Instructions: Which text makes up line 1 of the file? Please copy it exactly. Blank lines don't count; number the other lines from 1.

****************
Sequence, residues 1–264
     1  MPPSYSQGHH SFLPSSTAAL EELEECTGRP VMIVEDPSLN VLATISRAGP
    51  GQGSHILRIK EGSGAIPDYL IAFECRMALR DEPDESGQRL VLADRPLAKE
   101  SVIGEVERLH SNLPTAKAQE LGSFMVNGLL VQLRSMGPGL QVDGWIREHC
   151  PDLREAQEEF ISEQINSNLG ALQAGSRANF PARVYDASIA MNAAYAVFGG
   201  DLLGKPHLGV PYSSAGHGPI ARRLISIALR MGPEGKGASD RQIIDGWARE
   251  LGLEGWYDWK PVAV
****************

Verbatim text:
Sequence, residues 1–264